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Immunological Memory

Measles, rubella, chickenpox – some diseases occur only once in a lifetime. However, thanks to modern medicine, we do not even have to suffer through most of these diseases; a small needle stick with a vaccine is enough to ensure that we are protected against the disease. But how does this protection, which we call immunological memory, work? And what does this memory have to do with arthritis and other chronic inflammatory diseases?

What types of memory cells do we know of?

Immunological memory cells are formed during an immune response and remain in the body even after the disease has subsided. Memory plasma cells continuously secrete specific antibodies that neutralize pathogens and toxins. Memory B cells and memory T cells, which form the so-called reactive memory, are re-activated upon secondary contact with the pathogen and fight the pathogen quickly and highly efficiently. The latest findings suggest that even cells of the innate immune system, i.e. myeloid cells and granulocytes, have a memory.

Pathogenic memory cells are the cause for the chronic course of rheumatic inflammatory diseases.

The body’s own structures are normally ignored by the cells of the immune system. However, this tolerance to “self” can break, which leads to serious diseases such as rheumatoid arthritis, systemic lupus erythematodes, Crohn’s disease or multiple sclerosis. All these diseases have important similarities: they are chronic inflammatory diseases, and they have no cure. We now know the reason for this is because of pathogenic immunological memory. Like protective memory cells, the disease-causing cells are formed during the immune reaction against the body’s own structure. However, since the trigger for the inflammation is not eliminated, these memory cells are repeatedly activated and drive the inflammation to become chronic. Affected people have to take drugs for a lifetime that inhibit these cells but which also have undesirable side effects. Moreover, these drugs suppress the protective immune system.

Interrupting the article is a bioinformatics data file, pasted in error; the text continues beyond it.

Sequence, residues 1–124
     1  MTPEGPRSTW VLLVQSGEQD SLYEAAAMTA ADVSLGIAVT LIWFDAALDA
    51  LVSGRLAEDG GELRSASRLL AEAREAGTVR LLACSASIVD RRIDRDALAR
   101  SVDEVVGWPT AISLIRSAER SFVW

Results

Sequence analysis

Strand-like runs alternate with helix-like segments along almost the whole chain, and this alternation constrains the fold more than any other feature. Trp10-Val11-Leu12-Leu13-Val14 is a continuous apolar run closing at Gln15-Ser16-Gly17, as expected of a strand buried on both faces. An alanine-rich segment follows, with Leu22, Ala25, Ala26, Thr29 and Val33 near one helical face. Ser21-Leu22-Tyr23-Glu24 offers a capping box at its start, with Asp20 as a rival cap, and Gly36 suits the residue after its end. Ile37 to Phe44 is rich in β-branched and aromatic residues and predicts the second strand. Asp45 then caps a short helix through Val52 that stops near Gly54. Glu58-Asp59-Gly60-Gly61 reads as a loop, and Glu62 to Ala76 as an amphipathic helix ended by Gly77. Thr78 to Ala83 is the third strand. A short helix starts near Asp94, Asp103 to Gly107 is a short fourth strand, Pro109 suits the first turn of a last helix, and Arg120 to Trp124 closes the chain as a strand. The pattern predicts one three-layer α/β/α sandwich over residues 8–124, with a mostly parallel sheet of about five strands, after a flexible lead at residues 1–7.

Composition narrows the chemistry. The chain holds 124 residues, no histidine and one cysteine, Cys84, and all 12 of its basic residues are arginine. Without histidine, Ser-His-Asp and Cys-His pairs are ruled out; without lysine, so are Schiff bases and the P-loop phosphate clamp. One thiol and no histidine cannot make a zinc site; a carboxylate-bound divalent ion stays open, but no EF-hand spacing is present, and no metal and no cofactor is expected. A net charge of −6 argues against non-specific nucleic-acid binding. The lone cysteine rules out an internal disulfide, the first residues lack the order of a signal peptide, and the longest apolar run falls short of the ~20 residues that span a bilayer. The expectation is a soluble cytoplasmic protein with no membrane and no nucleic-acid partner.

Can we cure rheumatic inflammation?

The only way to cure inflammatory rheumatic diseases is to switch off the entire immune system and rebuild it from stem cells. However, this procedure, which we call Immunereset, is associated with extremely high risks, since the treated person no longer has any defence mechanisms against pathogens for a certain period of time. Therefore, researchers at the DRFZ are looking for ways to specifically remove only the pathogenic memory cells in order to permanently cure inflammatory diseases.
A prerequisite for this ambitious goal is to know the biology of the various memory cells as precisely as possible.

What do we already know about the different memory cells?

In recent years, we at the DRFZ have already gained some decisive insights into the various memory cells. We have shown that memory plasma cells and memory T cells survive in the bone marrow as resting cells that do not proliferate. Here they are kept alive by stromal cells that provide survival signals. Pathogenic memory cells also survive in inflamed tissue. We have found molecular differences between protective and pathogenic memory T cells – frequent reactivation leaves its mark. These differences now serve as a starting point for the development of new therapies which are as selective as possible. Together with our clinical partners at the Charité, we are successfully testing new therapeutic approaches against memory plasma cells in patients with systemic lupus erythematodes and other diseases in which pathogenic autoantibodies play a central role.

More detailed information on the different memory cells is provided in the profiles of the research groups working on immunological memory.

Further research topics